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Financial data needs for macroprudential surveillance - What are the key indicators of risks to domestic financial stability?


  • E Philip Davis


'Macroprudential surveillance' - monitoring conjunctural and structural trends in financial markets so as to give warning of the approach of financial instability - is immensely important, given that financial crises can have huge costs. In this context, this paper presents three complementary lectures, which set out in generic terms the financial data needed for monitoring risks of financial instability. The paper starts with a view of the nature of financial instability, and the types of turbulence, that might pose particular systemic dangers, and the implications they have for data needs. These together give building-blocks for the listing in the third lecture of the types of financial and macroeconomic data that are needed for macroprudential analysis, and a suggested approach to their interpretation. A practical example is given, by looking at how theory and data respectively gave clues to the approach of the Asian crisis of 1997-8, and in this context, notes the data actually available for Thailand at the onset of the crisis in 1997. Overall, it is suggested that the theory of financial instability and the experience of financial crises in the past provide sufficient material to enable meaningful use to be made of financial and macroeconomic data in macroprudential surveillance. Such data may include econometric forecasts, as well as current information. In using such data, judgement is crucial in assessing risks to financial stability - macroprudential surveillance can never be mechanistic. Nevertheless, the paper maintains that detailed knowledge of the sequence of events in past crises, both directly and as encapsulated in theory, is a sine qua non to interpreting the data. In addition, there is a need for development of broad information on what constitutes normal conditions in an economy, as well as the patterns that have often preceded financial crises in the past both domestically and internationally. Given the shortcomings in the data available for many countries, especially in the emerging markets, considerable efforts to improve coverage and timeliness are warranted. Besides macroeconomic data, emerging-market countries may need to lay particular emphasis on better banking data, given the structure of their financial markets, which is typically bank-dominated. Private sector agents also have a role to play in monitoring the risks they face as a consequence of the behaviour of the overall financial system. They are, therefore, encouraged to undertake their own analyses of risks at a macro level.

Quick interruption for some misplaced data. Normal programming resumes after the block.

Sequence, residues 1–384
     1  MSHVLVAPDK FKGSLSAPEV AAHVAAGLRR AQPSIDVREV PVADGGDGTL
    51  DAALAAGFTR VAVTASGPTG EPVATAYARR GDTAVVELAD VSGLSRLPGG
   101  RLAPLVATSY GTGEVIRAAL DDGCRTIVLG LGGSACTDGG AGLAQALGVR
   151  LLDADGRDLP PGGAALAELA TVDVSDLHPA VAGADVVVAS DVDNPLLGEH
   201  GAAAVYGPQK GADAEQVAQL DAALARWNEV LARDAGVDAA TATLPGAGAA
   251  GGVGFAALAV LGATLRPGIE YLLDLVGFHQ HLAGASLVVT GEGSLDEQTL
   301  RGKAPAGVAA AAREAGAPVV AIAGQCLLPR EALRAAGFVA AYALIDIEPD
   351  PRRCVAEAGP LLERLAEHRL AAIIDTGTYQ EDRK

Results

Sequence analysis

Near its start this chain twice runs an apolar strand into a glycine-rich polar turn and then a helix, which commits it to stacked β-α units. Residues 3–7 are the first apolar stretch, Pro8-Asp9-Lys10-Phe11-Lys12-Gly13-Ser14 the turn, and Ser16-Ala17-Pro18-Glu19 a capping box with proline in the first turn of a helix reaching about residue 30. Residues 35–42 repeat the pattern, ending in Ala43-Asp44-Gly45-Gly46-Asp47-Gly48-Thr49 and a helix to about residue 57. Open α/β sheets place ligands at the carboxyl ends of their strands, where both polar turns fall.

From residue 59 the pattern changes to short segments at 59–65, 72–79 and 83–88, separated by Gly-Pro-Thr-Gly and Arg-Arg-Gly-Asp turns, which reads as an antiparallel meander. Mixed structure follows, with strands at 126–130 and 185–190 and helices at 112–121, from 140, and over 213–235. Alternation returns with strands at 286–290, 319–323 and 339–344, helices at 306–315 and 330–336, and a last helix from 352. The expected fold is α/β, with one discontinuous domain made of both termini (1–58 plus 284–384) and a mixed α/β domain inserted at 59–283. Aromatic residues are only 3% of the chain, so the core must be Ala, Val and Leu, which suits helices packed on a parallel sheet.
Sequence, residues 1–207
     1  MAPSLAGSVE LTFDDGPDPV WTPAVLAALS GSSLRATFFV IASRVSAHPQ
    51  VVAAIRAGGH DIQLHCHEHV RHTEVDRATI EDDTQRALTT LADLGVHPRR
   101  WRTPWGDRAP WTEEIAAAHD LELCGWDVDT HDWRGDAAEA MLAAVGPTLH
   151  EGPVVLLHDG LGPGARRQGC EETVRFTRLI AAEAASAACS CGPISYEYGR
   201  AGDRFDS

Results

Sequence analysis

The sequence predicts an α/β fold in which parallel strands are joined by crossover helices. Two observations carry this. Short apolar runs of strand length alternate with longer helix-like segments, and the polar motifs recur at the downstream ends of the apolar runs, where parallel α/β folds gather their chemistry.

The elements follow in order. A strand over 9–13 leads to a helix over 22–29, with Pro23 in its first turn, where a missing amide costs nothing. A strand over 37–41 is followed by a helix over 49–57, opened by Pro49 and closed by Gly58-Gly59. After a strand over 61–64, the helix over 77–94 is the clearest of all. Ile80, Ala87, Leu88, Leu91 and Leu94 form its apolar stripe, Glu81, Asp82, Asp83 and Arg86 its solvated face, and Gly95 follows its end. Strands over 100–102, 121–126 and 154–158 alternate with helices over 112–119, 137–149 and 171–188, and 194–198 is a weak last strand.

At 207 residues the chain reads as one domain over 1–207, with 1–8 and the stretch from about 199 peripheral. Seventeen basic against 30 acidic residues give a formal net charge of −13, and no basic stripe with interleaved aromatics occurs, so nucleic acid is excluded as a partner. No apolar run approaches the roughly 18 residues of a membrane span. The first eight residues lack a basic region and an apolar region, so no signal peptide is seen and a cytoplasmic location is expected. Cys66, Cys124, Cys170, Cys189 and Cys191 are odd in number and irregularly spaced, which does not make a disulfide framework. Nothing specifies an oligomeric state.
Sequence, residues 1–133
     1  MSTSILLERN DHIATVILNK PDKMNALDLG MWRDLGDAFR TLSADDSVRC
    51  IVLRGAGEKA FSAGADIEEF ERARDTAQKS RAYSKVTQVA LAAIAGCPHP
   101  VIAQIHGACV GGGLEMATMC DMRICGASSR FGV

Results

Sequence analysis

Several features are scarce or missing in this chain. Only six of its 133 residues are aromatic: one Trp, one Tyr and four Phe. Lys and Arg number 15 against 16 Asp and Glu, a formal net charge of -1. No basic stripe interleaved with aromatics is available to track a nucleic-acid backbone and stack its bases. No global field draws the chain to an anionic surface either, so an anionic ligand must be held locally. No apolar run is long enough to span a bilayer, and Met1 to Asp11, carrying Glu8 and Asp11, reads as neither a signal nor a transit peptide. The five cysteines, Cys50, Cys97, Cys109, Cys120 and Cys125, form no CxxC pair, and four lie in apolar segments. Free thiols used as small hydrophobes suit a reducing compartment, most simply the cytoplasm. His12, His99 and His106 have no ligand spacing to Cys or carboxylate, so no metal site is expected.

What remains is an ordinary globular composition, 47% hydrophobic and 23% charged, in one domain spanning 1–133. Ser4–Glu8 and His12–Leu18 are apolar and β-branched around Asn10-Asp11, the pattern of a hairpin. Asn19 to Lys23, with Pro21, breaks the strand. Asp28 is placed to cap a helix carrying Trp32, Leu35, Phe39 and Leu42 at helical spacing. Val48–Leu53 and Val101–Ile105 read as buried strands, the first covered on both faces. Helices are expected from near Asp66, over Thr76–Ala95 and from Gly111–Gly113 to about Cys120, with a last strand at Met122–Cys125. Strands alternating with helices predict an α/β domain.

Suggested Citation

  • E Philip Davis, 1999. "Financial data needs for macroprudential surveillance - What are the key indicators of risks to domestic financial stability?," Lectures, Centre for Central Banking Studies, Bank of England, number 2.
  • Handle: RePEc:ccb:lectur:2

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    Citations are extracted by the CitEc Project, subscribe to its RSS feed for this item.

    Cited by:

    1. Mario Quagliariello, "undated". "Banks' Performance over the Business Cycle: A Panel Analysis on Italian Intermediaries," Discussion Papers 04/17, Department of Economics, University of York.
    2. Biswa N. Bhattacharyay, 2003. "Towards a Macro-Prudential Leading Indicators Framework for Monitoring Financial Vulnerability," CESifo Working Paper Series 1015, CESifo Group Munich.
    3. Biswa N. Bhattacharyay, 2009. "Towards a Macroprudential Surveillance and Remedial Policy Formulation System for Monitoring Financial Crisis," CESifo Working Paper Series 2803, CESifo Group Munich.
    4. Albertazzi, Ugo & Gambacorta, Leonardo, 2009. "Bank profitability and the business cycle," Journal of Financial Stability, Elsevier, vol. 5(4), pages 393-409, December.
    5. Mejra Festić, 2006. "Procyclicality of Financial and Real Sector in Transition Economies," Prague Economic Papers, University of Economics, Prague, vol. 2006(4), pages 315-349.
    6. Davis, E. Philip & Zhu, Haibin, 2009. "Commercial property prices and bank performance," The Quarterly Review of Economics and Finance, Elsevier, vol. 49(4), pages 1341-1359, November.
    7. repec:eee:finsta:v:29:y:2017:i:c:p:92-105 is not listed on IDEAS
    8. Gene L. Leon & Rupert D Worrell, 2001. "Price Volatility and Financial Instability," IMF Working Papers 01/60, International Monetary Fund.
    9. Biswa N. Bhattacharyay & Dennis Dlugosch & Benedikt Kolb & Kajal Lahiri & Irshat Mukhametov & Gernot Nerb, 2009. "Early Warning System for Economic and Financial Risks in Kazakhstan," CESifo Working Paper Series 2832, CESifo Group Munich.
    10. Schuetz, Sebastian Alexander, 2010. "Structured Finance Influence on Financial Market Stability – Evaluation of Current Regulatory Developments," MPRA Paper 23574, University Library of Munich, Germany.
    11. repec:clh:resear:v:8:y:2015:i:34 is not listed on IDEAS
    12. CRISTE, Adina, 2014. "Reference Points For Financial Instability In The Euro Zone Candidates Countries," Studii Financiare (Financial Studies), Centre of Financial and Monetary Research "Victor Slavescu", vol. 18(3), pages 58-75.
    13. Mark Illing & Ying Liu, 2003. "An Index of Financial Stress for Canada," Staff Working Papers 03-14, Bank of Canada.


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